Upcoming public health talks, seminars and conferences

Bradford Hill Seminar Evidence is Not Enough: Towards a democratically legitimate role for evidence in health policymaking Dr Katherine Smith, Global Public Health Unit Social Policy, University of Edinburgh 24 November 2017, 13:00-14:00. Large Seminar Room, 1st Floor, Institute of Public Health, University Forvie Site, Robinson Way, Cambridge. Look out for more talks and events […]

Dog walking could be key to ensuring activity in later life

A new study has shown that regularly walking a dog boosts levels of physical activity in older people, especially during the winter.Published in the Journal of Epidemiology and Community Health, the study used data from the EPIC Norfolk cohort study, which is tracking the health and wellbeing of thousands of residents of the English county […]

Going global – funding awarded for new Global Diet and Activity Research Group and Network (GDAR)

CEDAR is to play a key role in a new international research partnership to help combat poor diet and physical inactivity and reduce the risk of non-communicable diseases.The Global Diet and Activity Research Group and Network (GDAR) has been awarded funding by the National Institute for Health Research (NIHR). GDAR will carry out research to […]

New Evidence Brief – Changing the way we travel

Infrastructure and our everyday transport choices Enabling people to walk, cycle and make greater use of public transport has benefits for health and the environment. But what do we know about the effectiveness of changing the way we travel by improving the places we live in? Read the Evidence Brief Download as a pdf Find […]

Have you visited Great Snackington? It’s a place where healthy foods can be hard to find.

As part of the 2017 MRC Festival of Medical Research, CEDAR researcher Dr Tarra Penney teamed up with Cambridge artist Aurora Cacciapuoti to imagine the town of Great Snackington.Great Snackington is a way to explore the question of how where we live and work affects the food choices we make.Visit the town at www.mrc-epid.cam.ac.uk/snackington 

CEDAR online tool highlighted in Cycling and Walking Investment Strategy

The newly-launched Cycling and Walking Infrastructure Strategy (CWIS) is part of government plans to encourage cycling in the UK.An important part of the delivery of the strategy at a local level will be the Propensity to Cycle Tool (PCT), which was developed by a team at Universities of Cambridge, Leeds and Westminster, led by researcher […]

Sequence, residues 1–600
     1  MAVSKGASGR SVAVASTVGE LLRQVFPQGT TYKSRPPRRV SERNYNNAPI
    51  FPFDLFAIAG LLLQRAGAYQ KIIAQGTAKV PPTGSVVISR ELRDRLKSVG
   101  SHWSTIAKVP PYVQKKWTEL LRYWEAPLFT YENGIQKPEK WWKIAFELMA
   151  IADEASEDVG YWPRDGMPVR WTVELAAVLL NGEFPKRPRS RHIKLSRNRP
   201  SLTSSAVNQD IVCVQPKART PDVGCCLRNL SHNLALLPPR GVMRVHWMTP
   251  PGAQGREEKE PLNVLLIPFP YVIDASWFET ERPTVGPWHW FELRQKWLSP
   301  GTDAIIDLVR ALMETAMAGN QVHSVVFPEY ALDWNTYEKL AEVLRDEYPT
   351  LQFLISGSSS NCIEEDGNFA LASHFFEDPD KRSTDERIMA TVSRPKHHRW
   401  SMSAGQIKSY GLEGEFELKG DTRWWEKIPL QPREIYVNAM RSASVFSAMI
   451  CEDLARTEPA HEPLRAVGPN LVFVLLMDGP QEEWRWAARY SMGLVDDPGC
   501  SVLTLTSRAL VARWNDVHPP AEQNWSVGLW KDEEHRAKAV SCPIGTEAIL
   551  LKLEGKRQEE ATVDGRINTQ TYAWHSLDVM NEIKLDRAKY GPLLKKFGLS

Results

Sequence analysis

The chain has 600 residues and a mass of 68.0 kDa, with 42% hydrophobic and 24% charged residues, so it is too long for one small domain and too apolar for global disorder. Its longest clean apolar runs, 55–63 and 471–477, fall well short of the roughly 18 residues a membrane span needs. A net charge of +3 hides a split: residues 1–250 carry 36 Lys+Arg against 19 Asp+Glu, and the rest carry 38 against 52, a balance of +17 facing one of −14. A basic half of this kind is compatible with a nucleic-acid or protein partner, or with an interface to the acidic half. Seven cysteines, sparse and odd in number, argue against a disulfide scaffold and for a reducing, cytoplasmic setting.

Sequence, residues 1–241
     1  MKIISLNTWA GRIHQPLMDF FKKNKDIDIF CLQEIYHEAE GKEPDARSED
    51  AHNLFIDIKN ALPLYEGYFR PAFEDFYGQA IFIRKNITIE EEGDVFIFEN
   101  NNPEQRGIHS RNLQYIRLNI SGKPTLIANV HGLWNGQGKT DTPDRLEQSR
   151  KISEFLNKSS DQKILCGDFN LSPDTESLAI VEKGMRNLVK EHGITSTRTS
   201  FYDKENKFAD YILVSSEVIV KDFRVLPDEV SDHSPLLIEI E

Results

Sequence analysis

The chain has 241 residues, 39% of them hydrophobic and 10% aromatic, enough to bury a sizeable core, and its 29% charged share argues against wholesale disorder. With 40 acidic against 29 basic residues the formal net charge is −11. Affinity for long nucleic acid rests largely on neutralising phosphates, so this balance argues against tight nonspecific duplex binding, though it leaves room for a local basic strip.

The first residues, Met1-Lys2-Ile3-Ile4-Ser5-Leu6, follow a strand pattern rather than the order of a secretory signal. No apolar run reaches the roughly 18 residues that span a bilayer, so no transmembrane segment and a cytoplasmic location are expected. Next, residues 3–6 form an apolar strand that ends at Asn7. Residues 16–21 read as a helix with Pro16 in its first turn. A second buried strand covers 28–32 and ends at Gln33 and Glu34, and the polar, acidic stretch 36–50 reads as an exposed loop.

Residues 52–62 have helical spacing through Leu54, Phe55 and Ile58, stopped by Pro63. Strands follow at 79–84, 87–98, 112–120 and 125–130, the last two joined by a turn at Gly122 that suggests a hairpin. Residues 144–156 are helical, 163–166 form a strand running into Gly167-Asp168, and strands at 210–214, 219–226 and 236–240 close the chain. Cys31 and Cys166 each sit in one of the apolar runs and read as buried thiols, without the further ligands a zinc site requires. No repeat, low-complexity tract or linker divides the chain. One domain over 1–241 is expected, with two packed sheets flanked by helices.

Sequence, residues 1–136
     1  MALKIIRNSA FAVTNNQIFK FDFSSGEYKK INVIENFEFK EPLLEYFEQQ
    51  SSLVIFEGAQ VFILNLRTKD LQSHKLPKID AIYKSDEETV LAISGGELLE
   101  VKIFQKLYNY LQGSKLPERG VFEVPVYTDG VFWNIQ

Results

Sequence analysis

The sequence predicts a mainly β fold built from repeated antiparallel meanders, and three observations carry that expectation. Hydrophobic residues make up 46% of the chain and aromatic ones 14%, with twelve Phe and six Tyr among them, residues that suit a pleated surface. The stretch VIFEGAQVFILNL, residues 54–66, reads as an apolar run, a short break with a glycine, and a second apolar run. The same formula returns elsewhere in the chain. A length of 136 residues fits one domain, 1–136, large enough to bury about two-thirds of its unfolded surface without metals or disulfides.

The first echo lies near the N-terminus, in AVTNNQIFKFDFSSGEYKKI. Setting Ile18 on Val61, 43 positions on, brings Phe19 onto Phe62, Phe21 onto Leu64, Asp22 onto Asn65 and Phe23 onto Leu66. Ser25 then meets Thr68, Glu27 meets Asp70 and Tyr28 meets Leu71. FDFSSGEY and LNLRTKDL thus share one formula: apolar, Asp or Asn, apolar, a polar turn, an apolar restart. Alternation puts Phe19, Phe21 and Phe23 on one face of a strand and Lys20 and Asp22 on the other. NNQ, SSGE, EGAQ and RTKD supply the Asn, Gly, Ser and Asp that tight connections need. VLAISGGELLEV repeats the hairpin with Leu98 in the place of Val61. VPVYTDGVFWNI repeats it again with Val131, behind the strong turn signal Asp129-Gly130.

CEDAR Bulletin March 2017

The March 2017 edition of CEDAR Bulletin is out now. Read it here.This issue includes: New Evidence Brief  – DASH diet in the UK and Ireland Evidence Brief special – England’s Cycling Potential More cycling and fruit & veg could save 1000s of lives – but at what cost? Working with stakeholders and target groups […]

New Evidence Brief special – England’s Cycling Potential

Results from the Department for Transport-funded Propensity to Cycle Tool projectData produced for a Department for Transport funded tool highlights just how much more cycling people in England could do, given the right policies and investments. New analysis for the Propensity to Cycle Tool – www.pct.bike – shows that if English people were as likely […]

Cambridge Science Festival – get personal with our scientists

This year’s Cambridge Science Festival (13-26 March) is getting personal – putting our brains, psychology and behaviours under the microscope during a series of events that explore who we are and what makes us tick.Join researchers – including those from CEDAR and the MRC Epidemiology Unit – at a huge range of public events, talks […]

More people cycling and eating more fruit & veg could save thousands of lives – but at what cost?

By being more physically active and having a healthier diet, we can reduce our chance of becoming ill and dying prematurely. However, the impact of individuals’ behaviour can be difficult to measure in populations. New research published in BMJ Open by researchers from CEDAR, MRC Epidemiology Unit and the University of Oxford is helping us […]